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For many NFL players, recounting time spent on the football field brings back memories of great plays and hard-fought victories. For others, past glory days are hard to celebrate because of the toll the sport took on their bodies, with physically painful reminders daily.

From headaches to dizziness to cognitive dysfunction and memory loss, some NFL players regret powering through their playing years without knowing the full set of facts about how being tackled day after day resulted in head trauma. Approximately 4,500 of those players recently took their cases to court, suing the NFL for failing to disclose proper information about the long-term effects of repetitive head trauma.

In August, the players won their cases, with the NFL agreeing to a $765 million settlement in the highly publicized lawsuit. The majority of the money will go to former players who have suffered effects of repetitive head injuries, and also to families of players who died and were diagnosed with chronic traumatic encephalopathy (CTE), a progressive degenerative disease sometimes found in people who suffered multiple concussions during their lifetime.

Compensation to former players will be determined based on age, present condition and the number of years they performed in the league. The fund is expected to cover ex-athletes' expenses up to age 65, while an additional $10 million from the settlement will be allocated to research.

Announcement of the settlement earlier this year caused a big stir and has been called by many a "landmark" in sports history. As football season swings into full gear this fall, many in the medical community are heralding the case as a major win for former NFL players.

First and foremost, the settlement will provide access to needed assessment, treatment and related medical services for former athletes. Had the case gone to trial, it was expected to drag out in years of litigation, delaying access to services and compensation, and likely significantly reducing the final compensation to players.

Second, it provides validation of their injuries and of the cognitive and emotional changes they have experienced. These former athletes, along with the millions of others who have sustained a mild traumatic brain injury, struggle with an "invisible injury."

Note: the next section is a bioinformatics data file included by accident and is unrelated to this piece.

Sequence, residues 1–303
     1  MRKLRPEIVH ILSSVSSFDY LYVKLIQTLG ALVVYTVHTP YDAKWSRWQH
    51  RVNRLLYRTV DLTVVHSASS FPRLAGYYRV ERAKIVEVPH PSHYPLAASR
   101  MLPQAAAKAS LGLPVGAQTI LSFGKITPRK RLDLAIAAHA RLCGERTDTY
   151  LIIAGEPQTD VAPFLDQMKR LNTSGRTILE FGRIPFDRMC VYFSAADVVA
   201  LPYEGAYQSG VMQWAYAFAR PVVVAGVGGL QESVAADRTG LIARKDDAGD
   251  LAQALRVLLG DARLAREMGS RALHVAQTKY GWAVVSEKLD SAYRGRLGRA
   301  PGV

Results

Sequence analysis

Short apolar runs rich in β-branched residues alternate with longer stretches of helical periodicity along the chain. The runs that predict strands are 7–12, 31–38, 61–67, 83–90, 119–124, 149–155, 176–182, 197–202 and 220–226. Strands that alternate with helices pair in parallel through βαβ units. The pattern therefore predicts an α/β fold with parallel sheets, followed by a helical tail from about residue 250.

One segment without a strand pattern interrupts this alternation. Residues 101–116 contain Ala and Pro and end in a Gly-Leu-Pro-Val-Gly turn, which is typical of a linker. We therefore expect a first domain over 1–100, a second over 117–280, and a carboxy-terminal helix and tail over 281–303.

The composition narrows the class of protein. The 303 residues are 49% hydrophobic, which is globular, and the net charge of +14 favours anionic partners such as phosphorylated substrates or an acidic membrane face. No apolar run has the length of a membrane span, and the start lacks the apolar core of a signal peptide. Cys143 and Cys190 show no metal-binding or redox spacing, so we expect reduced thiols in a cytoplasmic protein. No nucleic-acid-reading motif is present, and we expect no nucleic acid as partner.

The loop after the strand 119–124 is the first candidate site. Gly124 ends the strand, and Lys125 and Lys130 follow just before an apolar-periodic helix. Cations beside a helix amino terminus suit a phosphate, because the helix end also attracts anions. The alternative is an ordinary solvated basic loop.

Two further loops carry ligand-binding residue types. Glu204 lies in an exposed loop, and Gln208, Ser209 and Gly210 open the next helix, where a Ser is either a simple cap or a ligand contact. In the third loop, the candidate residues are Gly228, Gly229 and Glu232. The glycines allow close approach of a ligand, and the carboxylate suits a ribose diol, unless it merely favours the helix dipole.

When one has a broken leg, others see the injury and offer sympathy and understanding when a player is not able to run like he once could. But this isn't the case with an MTBI and most don't understand why someone isn't the person he used to be.

The players aren't the only group to win a victory in the case. Although the NFL must pay out $765 million, that amount is merely one-third of the initial $2 billion in damages the lawsuit asked for. And $765 million is just 10 percent of the estimated $10 billion in revenue the NFL draws in annually.

It is estimated that the cost of caring for someone with dementia ranges from $41,000 to $56,000 per year, although this figure can quickly extend to six figures as level of needed care increases. Whether the NFL's settlement will provide adequate compensation to all the affected former players is questionable.

The NFL has been merely reactive to the issue of concussions for decades, rather than proactive in protecting the health and well-being of its players. The settlement is a gesture to placate and is in no way a solution to the problem, yet it may have interesting implications for recruitment processes and our practice of luring young athletes into the profession with promises of fame and money at the expense of their own health.

Redefining informed consent in football, not just in the NFL but possibly at other levels, is on the horizon. The word is out ­repetitive head trauma can lead to long-term effects on brain health.

The NFL can't hide this anymore.

Angela Eastvold, Ph.D., is a clinical neuropsychologist at the University of Utah. Her experience evaluating retired NFL players has evolved into a desire to better understand the consequences of repetitive insults to the brain, leading to chronic traumatic encephalopathy.